Relationships with Recommenders

Posted on October 28, 2011. Filed under: Career | Tags: , |

One of our interns had some very good questions regarding recommendation letters to internship sites.  In fact, so good that I am going share my response on my blog!

Question One:  Is it okay to have the recommendation letters sent to me? I ask because some of my internships require me to upload all of my files (recommendation letters included) to my online profile.

Yes, it is fine to have letters sent to you.  However, this is entirely dependent on what the internship site requires, and you should be passing along this information to your recommenders.  So, if they require that you electronically upload the letters, obviously they need to get the letters to you.  Bottom line – however the site wants them submitted is the way you should do it.  If they don’t specify, go with whatever is easiest for your recommender.

RECOMMENDATION LETTER TIP #1:  Be sure that all of your letters are signed by the recommender, especially if they have been sent to you electronically.  

Question Two:  Is it in my best interest to have recommendation letters sent to my prospective internships without already having seen them? 

Of course it is always nice to know what a recommender has to say about you in a letter, but it is not necessary that you receive a copy.  I think it’s a matter of personal preference on the part of the person writing the letter whether or not they share it with you.  Some professors are used to the “old school” way of doing this which meant sending letters directly to the sites, or sealing the envelope and signing the seal to guarantee that no one could alter the letter. Personally, I would not ask for a copy unless I needed to submit it myself.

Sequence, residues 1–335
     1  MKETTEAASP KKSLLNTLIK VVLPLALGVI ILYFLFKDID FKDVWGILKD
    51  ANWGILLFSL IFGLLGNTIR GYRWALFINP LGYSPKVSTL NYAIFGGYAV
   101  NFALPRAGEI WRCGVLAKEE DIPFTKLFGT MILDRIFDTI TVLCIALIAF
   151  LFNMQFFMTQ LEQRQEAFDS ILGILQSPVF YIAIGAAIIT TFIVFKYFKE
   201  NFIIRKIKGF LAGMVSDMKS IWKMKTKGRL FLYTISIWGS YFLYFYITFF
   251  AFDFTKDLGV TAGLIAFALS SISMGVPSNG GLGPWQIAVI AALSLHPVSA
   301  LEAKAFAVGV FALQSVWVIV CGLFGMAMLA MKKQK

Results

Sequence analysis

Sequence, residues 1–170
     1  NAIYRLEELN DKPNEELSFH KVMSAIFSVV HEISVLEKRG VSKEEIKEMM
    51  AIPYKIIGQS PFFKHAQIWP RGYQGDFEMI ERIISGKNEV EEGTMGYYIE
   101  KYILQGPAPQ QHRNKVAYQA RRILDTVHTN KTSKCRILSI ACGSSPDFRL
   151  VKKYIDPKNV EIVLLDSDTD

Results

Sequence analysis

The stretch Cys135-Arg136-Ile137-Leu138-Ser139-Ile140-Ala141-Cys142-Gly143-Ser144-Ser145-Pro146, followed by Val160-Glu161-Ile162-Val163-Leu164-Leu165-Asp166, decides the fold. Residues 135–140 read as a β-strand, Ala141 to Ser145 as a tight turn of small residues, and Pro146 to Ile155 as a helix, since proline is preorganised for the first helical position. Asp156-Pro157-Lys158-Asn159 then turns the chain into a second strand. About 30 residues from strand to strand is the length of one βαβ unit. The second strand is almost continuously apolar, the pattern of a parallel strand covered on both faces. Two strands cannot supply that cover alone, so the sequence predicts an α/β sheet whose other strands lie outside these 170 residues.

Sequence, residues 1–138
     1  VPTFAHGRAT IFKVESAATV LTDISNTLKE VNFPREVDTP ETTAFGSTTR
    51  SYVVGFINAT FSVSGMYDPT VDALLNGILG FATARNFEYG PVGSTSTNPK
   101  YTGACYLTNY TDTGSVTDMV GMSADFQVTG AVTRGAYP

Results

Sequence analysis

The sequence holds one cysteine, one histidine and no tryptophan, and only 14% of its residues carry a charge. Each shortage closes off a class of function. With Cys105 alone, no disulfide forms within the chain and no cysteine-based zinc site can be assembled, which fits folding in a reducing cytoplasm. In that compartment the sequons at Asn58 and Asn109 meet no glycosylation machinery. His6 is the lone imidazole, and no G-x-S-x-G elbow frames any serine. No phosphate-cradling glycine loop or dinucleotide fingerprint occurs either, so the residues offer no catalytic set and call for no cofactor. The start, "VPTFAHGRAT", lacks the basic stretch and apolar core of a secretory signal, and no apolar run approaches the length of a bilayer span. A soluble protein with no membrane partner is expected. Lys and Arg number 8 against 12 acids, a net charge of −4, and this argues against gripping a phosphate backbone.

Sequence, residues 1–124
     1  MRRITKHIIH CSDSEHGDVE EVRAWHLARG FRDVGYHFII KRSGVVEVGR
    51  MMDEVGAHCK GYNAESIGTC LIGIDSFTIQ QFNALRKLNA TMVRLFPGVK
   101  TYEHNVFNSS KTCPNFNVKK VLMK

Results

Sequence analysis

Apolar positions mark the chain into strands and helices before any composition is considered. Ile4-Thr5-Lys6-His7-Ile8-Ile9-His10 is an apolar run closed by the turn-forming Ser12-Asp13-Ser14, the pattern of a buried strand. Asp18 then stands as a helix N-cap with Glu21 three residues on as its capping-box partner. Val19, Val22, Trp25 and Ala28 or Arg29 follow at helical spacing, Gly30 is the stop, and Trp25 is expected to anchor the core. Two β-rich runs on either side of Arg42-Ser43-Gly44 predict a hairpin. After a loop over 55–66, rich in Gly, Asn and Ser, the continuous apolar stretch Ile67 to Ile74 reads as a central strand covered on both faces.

RECOMMENDATION LETTER TIP #2:  If you are at all unsure about what a recommender will say about you, then you probably shouldn’t ask them to write a letter.

I would like to compliment this intern for getting started early, especially with recommendation letters.  You will find that this is the one part of the application process that you have little control over, so it can potentially cause you to miss application deadlines and derail your whole search.

RECOMMENDATION LETTER TIP #3:  Start early and let your recommenders know what your expectations are. If you plan to apply to 10 internships, let them know that so they can save the letter for the next time. Give them clear instructions as to what the letter should discuss, to whom it should be addressed and when and how you need to receive it.

So, the next time you are in class daydreaming about the great internship that you’re going to have next summer, wake up and spend a few minutes after class getting to know you professor.  Ask his/her opinion on your career ideas.  You just might be surprised where it might lead…

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